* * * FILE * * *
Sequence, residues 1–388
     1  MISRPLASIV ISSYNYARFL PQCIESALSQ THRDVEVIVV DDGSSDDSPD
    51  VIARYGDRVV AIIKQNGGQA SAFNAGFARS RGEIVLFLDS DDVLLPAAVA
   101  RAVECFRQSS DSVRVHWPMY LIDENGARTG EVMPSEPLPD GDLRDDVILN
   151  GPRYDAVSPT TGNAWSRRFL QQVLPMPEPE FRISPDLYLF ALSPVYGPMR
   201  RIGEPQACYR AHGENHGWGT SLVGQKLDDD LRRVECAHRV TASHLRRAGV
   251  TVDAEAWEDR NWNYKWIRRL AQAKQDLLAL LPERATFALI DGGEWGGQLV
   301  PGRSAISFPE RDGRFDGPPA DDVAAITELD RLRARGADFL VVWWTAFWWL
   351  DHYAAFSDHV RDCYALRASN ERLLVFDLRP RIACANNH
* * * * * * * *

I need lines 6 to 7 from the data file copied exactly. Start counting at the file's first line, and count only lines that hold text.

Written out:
   201  RIGEPQACYR AHGENHGWGT SLVGQKLDDD LRRVECAHRV TASHLRRAGV
   251  TVDAEAWEDR NWNYKWIRRL AQAKQDLLAL LPERATFALI DGGEWGGQLV